He caused a public incident in April 1998, during an on-campus commemoration of the Armenian Genocide organized by the Armenian Students' Association, when he allegedly said that Armenian genocide never happened and made other controversial remarks.[9][10][11] A subsequent complaint prompted the university to carry out an investigation. In January 1999, the five-month long investigation concluded and found that while Professor Algar's comments "seem to fall within the bounds of constitutionally protected speech", it did not mean that "the University condones the type of speech used by the parties."[9] The Complaint Resolution Office did, however, issue an apology to the students on behalf of the university.[12] Not satisfied with the university's response, the students turned to the Associated Students of UC Berkeley, which unanimously passed a resolution entitled "A Bill Against Hate Speech and in Support of Reprimand for Prof. Algar" on March 10, 1999.[13]

Books[edit]

  • 1- Imam Abu Hamid Ghazali,
  • 2- Jesus in the Qur'an
  • 3- Roots of The Islamic Revolution in Iran
  • 4- Sufism: Principles and Practice
  • 5- Surat Al-Fatiha: Foundation of the Qur'an
  • 6- The Sunna: Its Obligatory and Exemplary Aspects
  • 7- Wahhabism: A Critical Essay
  • 8- Religion and State in Iran: 1785-1906 (Berkeley: University of California Press, 1969)
  • 9- Mirza Malkum Khan: A Biographical Study in Iranian Modernism (Berkeley: University of California Press, 1973)
  • 10- translator from the Persian with introduction and annotations to The Path of God's Bondsmen from Origin to Return by Najm al-Din Razi, known as Daya (Delmar, NY: Caravan Books, 1982)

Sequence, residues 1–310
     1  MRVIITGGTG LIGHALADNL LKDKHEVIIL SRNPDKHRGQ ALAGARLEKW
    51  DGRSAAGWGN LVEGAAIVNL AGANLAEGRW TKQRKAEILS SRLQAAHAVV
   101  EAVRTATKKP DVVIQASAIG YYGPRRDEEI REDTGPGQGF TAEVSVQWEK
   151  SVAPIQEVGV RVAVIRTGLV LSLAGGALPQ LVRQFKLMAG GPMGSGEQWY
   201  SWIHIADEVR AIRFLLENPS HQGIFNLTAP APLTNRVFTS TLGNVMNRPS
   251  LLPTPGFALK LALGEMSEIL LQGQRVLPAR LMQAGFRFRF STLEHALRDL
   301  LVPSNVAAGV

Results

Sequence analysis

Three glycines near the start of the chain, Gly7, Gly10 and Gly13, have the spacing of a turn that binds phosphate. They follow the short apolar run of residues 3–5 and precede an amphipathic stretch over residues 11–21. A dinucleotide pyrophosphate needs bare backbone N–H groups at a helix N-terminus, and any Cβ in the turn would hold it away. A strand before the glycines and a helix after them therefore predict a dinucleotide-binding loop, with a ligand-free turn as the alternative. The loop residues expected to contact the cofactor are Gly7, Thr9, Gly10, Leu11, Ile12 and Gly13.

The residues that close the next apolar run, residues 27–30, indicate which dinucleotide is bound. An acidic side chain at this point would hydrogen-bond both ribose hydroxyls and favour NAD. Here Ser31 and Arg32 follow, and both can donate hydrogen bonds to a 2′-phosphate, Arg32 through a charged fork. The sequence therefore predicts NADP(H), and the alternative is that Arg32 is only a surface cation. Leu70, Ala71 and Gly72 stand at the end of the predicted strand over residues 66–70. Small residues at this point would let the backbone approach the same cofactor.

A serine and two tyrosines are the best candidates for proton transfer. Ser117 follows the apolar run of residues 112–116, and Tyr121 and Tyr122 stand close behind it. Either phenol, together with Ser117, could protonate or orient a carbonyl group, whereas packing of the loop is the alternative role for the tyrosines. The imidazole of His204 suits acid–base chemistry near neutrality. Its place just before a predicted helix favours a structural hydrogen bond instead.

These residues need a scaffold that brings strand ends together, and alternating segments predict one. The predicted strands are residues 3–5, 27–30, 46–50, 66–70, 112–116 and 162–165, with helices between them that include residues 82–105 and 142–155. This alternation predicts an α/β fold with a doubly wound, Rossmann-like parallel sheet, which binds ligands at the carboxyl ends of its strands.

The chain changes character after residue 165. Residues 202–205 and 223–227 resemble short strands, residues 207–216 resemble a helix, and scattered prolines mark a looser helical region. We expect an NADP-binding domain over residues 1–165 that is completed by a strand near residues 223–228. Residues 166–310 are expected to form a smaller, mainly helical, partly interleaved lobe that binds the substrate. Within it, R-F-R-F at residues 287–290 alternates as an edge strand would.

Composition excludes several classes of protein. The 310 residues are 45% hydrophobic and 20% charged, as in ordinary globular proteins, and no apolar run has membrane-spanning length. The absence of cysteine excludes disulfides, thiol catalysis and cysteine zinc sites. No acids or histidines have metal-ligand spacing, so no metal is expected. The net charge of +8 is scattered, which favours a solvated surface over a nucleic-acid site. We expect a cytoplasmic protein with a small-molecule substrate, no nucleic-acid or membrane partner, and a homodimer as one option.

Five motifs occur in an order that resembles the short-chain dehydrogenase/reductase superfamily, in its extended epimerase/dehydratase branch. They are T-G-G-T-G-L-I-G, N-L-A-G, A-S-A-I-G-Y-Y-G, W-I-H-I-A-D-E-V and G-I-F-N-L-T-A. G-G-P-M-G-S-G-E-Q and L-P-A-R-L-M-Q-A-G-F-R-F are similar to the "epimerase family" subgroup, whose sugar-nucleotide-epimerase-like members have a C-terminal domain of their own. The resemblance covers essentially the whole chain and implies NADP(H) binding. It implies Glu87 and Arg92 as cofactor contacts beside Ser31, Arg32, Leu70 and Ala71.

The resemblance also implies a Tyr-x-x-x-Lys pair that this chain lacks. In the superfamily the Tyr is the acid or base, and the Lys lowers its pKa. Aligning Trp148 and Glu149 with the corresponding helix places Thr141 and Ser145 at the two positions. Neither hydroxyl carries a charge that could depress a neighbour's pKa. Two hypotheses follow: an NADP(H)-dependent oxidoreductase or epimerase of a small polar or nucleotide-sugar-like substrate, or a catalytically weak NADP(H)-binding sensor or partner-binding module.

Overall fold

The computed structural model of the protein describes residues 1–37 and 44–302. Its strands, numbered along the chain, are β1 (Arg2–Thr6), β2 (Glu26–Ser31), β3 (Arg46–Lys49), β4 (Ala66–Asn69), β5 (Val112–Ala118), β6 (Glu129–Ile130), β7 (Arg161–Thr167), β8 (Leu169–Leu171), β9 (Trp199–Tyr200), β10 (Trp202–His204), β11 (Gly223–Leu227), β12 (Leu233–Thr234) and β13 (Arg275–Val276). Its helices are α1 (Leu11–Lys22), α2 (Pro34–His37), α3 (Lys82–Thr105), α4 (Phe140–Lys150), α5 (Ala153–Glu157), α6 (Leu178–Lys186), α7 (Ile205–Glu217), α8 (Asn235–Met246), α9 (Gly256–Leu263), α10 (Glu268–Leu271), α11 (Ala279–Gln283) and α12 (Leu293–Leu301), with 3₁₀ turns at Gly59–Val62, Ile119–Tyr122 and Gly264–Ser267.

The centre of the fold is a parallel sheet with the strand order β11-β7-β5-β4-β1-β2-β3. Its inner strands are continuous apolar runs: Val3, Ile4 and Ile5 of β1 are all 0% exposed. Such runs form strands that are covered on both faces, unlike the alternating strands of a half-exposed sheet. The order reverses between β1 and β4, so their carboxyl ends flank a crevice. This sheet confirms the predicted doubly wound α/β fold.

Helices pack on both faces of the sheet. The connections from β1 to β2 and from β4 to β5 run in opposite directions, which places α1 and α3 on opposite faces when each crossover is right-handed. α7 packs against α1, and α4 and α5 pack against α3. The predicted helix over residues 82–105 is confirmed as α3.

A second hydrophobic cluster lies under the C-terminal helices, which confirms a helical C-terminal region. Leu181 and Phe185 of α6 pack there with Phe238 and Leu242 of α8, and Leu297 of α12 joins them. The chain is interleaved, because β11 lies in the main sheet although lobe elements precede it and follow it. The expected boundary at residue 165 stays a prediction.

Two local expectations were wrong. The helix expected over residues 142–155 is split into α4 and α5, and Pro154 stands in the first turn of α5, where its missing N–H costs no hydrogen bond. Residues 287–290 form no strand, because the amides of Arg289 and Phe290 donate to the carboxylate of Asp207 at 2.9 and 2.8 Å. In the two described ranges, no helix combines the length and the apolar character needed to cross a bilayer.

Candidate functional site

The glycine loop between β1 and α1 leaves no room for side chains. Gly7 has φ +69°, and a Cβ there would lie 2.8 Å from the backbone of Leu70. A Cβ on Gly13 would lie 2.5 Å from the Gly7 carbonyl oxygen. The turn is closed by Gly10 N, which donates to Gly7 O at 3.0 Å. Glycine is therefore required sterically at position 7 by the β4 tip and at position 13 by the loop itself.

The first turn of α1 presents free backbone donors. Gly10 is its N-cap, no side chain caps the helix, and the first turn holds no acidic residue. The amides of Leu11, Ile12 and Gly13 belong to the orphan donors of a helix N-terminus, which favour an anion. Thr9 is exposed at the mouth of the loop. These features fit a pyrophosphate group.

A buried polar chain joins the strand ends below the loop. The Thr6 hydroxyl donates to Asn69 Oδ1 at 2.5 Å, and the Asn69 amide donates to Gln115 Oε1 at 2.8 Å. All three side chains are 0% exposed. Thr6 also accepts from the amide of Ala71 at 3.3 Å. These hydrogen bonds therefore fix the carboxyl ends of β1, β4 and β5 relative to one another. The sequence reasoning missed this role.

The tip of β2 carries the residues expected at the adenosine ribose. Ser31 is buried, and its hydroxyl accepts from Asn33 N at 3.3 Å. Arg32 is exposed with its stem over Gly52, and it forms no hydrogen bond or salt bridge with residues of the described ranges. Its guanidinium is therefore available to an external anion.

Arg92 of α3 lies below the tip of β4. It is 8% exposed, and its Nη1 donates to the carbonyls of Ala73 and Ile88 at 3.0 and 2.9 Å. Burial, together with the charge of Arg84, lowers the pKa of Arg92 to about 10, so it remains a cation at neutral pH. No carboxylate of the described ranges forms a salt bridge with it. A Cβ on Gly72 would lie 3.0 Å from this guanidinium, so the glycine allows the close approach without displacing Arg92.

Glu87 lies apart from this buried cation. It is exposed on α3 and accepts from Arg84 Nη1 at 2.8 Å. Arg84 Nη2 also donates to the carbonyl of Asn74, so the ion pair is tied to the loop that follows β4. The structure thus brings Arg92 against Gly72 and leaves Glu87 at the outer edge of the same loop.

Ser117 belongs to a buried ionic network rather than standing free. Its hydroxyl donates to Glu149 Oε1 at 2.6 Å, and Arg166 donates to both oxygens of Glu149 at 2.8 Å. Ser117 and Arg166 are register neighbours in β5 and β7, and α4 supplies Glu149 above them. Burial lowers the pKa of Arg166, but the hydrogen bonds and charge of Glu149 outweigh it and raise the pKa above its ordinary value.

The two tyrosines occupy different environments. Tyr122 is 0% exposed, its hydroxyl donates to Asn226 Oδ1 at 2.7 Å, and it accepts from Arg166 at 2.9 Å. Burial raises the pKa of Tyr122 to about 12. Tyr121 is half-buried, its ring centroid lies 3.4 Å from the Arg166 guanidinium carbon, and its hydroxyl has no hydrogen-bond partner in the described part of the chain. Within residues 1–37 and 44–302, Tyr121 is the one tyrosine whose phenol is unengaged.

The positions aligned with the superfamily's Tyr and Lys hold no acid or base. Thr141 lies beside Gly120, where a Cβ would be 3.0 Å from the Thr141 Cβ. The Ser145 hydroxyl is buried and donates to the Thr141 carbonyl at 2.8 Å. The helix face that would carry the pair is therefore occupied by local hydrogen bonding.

• 11- translator and annotator, Islam and Revolution: Writings and Declarations of Imam Khomeini (Berkeley: Mizan Press, 1981)

References[edit]

  1. ^ "Professor Hamid Algar, the Distinguished Shia Muslim Scholar in USA". Imam Reza Network. Retrieved 2009-07-04. 
  2. ^ [[Encyclopedia Iranica]] CONSULTING EDITORS]
  3. ^ a b c d A Conversation with Hamid Algar by Russell Schoch California Monthly June 2003, mirrored by Campus-Watch
  4. ^ Wahhabism: A Critical Essay by Hamid Algar, Reviewed by L. Carl Brown Foreign Affairs Vol. 81, No. 5 (Sep. - Oct., 2002), p. 216
  5. ^ Religion and State in Iran 1785-1906: The Role of the Ulama in the Qajar Period by Hamid Algar, Reviewed by Nikki Keddie Journal of the American Oriental Society Vol. 92, No. 1 (Jan. - Mar., 1972), pp. 116-118
  6. ^ Roots of the Islamic Revolution in Iran: Four Lectures by Hamid Algar, Reviewed by Tariq Rahman Islamic Studies Vol. 42, No. 4 (Winter 2003), pp. 711-714
  7. ^ Mirza Malkum Khan: A Study in the History of Iranian Modernism by Hamid Algar, Reviewed by Ervand Abrahamian Journal of the American Oriental Society Vol. 96, No. 2 (Apr. - Jun., 1976), pp. 308-309
  8. ^ An Anthology of Modern Arabic Poetry by Mounah A. Khouri; Hamid Algar, Reviewed by Francis X. Paz Journal of Near Eastern Studies Vol. 36, No. 3 (Jul., 1977), p. 241
  9. ^ a b Hovsepian, Shaké. "You Stupid Armenians, You Deserve to be Massacred." Usanogh. April 24, 1999. Retrieved April 19, 2011.
  10. ^ Johnson, Chip (February 27, 1999). "Free Speech Shows Bad Judgment / Professor's ugly remarks should not be tolerated". San Francisco Chronicle. p. A21. 
  11. ^ "Armenian Students Win Historic Vote on Berkeley Campus". Armenian Reporter (Paramus, New Jersey) 32 (25): 22. March 20, 1999. ISSN 1074-1453. 
  12. ^ Hernandez, Daniel. "Professor's Actions Exonerated." Daily Cal. February 24, 1999. Retrieved May 21, 2013.
  13. ^ "UC Berkeley Senate Calls On Prof. to Apologize." Asbarez. March 16, 1999. Retrieved April 19, 2011.